Ahead of state mandate, Wheeling replaces lead water service lines
All the potentially hazardous lead service lines in Wheeling's water system have been replaced as part of an estimated $1.2 million project, officials announced.
The work was done even though no dangerous lead levels have been reported in Wheeling's drinking water and before a pending state mandate kicks in.
Wheeling Village Manager Jon Sfondilis said it's a case of staying ahead of the curve "and meeting current service expectations before being regulated to do so."
Lead exposure through drinking water or other sources can cause physical, neurological and behavioral abnormalities or illnesses. The installation of new lead service lines has been banned in the U.S. since 1986.
The nation's most notorious case of lead poisoning in water was discovered in Flint, Michigan, in 2014 and still hasn't been fully rectified. Lead from aging pipes leached into the water supply.
Service lines are relatively small pipes that send drinking water from public mains to homes. Hundreds of thousands of lead service lines exist in Illinois, the Natural Resources Defense Council recently reported. Most are in Chicago.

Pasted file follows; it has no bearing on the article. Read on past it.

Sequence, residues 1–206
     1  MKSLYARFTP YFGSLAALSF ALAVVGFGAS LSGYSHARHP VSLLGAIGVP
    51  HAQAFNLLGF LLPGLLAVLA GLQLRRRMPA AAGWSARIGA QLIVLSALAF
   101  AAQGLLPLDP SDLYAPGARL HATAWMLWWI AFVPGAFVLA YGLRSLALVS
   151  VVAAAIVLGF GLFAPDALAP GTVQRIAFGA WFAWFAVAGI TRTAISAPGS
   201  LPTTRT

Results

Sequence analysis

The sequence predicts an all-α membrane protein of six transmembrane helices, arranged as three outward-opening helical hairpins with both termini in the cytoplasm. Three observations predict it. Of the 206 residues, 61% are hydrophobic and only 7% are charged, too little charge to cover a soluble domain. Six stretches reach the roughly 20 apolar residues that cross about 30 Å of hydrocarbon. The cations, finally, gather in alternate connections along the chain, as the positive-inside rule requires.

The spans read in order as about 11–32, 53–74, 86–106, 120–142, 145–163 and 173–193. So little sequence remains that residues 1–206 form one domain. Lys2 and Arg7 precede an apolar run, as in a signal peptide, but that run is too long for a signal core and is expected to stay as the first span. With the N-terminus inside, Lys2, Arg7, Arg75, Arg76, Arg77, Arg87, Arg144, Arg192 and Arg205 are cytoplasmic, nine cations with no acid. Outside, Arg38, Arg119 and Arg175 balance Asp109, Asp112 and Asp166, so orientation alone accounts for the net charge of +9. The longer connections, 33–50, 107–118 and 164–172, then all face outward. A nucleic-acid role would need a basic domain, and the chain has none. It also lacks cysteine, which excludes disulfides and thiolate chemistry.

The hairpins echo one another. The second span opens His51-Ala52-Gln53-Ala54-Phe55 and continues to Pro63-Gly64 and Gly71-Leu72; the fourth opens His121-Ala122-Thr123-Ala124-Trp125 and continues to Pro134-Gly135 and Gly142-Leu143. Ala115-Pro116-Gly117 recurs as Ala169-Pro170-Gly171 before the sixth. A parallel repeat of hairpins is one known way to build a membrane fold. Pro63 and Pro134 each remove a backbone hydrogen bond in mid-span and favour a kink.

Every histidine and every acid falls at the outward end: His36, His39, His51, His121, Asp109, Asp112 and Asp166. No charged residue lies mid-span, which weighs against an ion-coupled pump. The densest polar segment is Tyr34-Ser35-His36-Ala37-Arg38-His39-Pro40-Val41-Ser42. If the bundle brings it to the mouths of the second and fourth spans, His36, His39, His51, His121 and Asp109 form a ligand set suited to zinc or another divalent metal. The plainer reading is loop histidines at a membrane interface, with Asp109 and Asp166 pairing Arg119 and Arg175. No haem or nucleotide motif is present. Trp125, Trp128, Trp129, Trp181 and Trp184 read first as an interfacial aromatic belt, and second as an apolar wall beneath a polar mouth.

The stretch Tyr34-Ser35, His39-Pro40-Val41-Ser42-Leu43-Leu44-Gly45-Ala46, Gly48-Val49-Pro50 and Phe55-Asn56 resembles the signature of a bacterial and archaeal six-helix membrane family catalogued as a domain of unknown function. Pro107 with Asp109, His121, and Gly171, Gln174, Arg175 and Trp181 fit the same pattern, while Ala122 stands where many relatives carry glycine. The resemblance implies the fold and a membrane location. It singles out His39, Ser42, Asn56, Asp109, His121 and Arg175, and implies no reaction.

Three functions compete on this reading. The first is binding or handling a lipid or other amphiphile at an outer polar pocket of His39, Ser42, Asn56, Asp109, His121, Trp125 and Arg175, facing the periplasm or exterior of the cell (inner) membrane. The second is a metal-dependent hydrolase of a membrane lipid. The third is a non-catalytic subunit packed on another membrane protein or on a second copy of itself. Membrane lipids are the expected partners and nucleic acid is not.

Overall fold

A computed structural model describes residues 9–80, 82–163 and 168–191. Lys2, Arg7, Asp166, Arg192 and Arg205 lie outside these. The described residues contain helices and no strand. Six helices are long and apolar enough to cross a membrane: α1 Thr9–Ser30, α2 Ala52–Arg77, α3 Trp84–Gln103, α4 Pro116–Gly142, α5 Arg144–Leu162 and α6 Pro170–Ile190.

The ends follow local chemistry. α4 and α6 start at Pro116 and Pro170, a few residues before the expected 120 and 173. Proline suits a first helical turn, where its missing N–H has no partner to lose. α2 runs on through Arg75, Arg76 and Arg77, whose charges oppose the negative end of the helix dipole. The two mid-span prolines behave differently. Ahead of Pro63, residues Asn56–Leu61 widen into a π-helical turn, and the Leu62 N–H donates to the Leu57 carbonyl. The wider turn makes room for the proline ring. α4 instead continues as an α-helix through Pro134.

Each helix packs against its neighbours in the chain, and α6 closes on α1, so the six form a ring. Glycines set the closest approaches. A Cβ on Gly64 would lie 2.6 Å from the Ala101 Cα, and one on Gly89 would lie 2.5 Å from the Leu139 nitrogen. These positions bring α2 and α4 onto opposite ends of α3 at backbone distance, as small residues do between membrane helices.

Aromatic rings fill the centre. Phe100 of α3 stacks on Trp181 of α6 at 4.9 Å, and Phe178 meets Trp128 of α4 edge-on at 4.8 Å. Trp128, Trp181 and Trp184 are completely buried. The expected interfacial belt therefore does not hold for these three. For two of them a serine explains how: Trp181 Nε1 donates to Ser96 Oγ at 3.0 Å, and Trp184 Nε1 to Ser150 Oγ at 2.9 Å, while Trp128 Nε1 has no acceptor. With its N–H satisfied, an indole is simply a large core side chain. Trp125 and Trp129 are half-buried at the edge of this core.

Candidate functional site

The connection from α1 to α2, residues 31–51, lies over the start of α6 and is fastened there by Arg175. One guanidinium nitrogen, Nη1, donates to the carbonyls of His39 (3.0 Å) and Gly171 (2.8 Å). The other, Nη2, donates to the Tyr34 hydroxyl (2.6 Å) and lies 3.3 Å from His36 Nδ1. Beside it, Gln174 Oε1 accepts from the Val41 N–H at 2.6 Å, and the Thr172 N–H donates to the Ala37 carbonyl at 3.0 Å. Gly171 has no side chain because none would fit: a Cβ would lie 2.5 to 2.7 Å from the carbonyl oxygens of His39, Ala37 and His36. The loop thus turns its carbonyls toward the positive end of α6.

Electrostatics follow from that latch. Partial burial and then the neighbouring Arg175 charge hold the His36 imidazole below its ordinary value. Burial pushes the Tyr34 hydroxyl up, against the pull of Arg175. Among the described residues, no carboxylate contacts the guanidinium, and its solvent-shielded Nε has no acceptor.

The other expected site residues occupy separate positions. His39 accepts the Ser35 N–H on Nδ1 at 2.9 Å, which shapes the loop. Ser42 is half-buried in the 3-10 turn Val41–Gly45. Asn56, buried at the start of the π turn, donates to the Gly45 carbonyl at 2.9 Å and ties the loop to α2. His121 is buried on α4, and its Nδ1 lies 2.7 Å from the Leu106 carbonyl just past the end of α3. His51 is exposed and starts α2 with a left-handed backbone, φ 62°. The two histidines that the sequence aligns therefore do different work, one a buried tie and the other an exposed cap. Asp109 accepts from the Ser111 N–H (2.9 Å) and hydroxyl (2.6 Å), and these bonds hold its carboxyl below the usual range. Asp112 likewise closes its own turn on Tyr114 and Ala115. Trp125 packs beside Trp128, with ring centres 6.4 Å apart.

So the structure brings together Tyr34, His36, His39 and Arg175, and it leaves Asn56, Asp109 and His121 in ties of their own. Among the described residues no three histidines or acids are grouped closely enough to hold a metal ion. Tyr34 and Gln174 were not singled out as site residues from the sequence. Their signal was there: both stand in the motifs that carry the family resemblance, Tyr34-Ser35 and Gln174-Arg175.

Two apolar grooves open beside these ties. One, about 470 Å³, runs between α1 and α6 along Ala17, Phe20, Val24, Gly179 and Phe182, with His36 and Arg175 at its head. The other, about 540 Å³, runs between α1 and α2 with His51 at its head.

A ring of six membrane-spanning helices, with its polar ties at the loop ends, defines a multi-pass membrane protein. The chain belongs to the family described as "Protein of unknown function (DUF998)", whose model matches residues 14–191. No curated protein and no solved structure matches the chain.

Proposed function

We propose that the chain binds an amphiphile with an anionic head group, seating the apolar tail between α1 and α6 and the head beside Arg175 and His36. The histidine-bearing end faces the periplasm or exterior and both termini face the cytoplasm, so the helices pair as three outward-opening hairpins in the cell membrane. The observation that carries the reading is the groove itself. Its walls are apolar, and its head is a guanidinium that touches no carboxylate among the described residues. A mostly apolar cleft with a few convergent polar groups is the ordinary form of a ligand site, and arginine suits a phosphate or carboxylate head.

Last year, Chicago officials announced plans to begin replacing lead service lines across the city after decades downplaying the potential health threat.
In Wheeling, trustees approved the pipe replacement project in 2019. Teaming with consultants, the village identified 110 lead lines in town. Starting last summer, crews with Chicago-based Joel Kennedy Constructing Corp. replaced them with copper pipes.
The work -- initially expected to cost more than $1.8 million -- wrapped up in June.
In a news release, Village President Pat Horcher called the project "a credit to the village board's ongoing commitment to community health and safety."
Wheeling got funding for the project through a low-interest loan program for water supply projects offered by the Illinois Environmental Protection Agency. The program includes a 50% forgiveness incentive for up to $1 million.
The village also got a roughly $348,000 grant from the Northwest Water Commission for the project.
"Wheeling was able to take advantage of significant grant opportunities that may not be available in the future," Sfondilis said.
Money for the village's share of the cost was set aside as part of a local capital improvement plan.
Residents whose lines were replaced didn't have to directly contribute to the cost of the work.
Wheeling officials insist the village's water supply was safe even when the former lead pipes were used. Drinking water quality consistently complied with state environmental regulations, they said.
Sfondilis is aware of only one other Chicago-area community -- West-suburban Montgomery -- that has completed a similar project.
But the process soon could become common.
In late May, the General Assembly passed legislation requiring water utilities to replace lead service lines. It awaits Gov. J.B. Pritzker's signature.
Under the bill, water utilities would be required to submit a plan for lead service line replacement by April 2024, with a final plan due to state environmental officials by April 2027.